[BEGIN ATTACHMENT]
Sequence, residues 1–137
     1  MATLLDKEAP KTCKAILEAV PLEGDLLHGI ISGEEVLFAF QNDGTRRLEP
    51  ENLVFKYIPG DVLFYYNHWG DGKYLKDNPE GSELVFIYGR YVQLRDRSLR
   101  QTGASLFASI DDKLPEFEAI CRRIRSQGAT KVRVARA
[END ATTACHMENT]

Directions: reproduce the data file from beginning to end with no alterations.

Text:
Sequence, residues 1–137
     1  MATLLDKEAP KTCKAILEAV PLEGDLLHGI ISGEEVLFAF QNDGTRRLEP
    51  ENLVFKYIPG DVLFYYNHWG DGKYLKDNPE GSELVFIYGR YVQLRDRSLR
   101  QTGASLFASI DDKLPEFEAI CRRIRSQGAT KVRVARA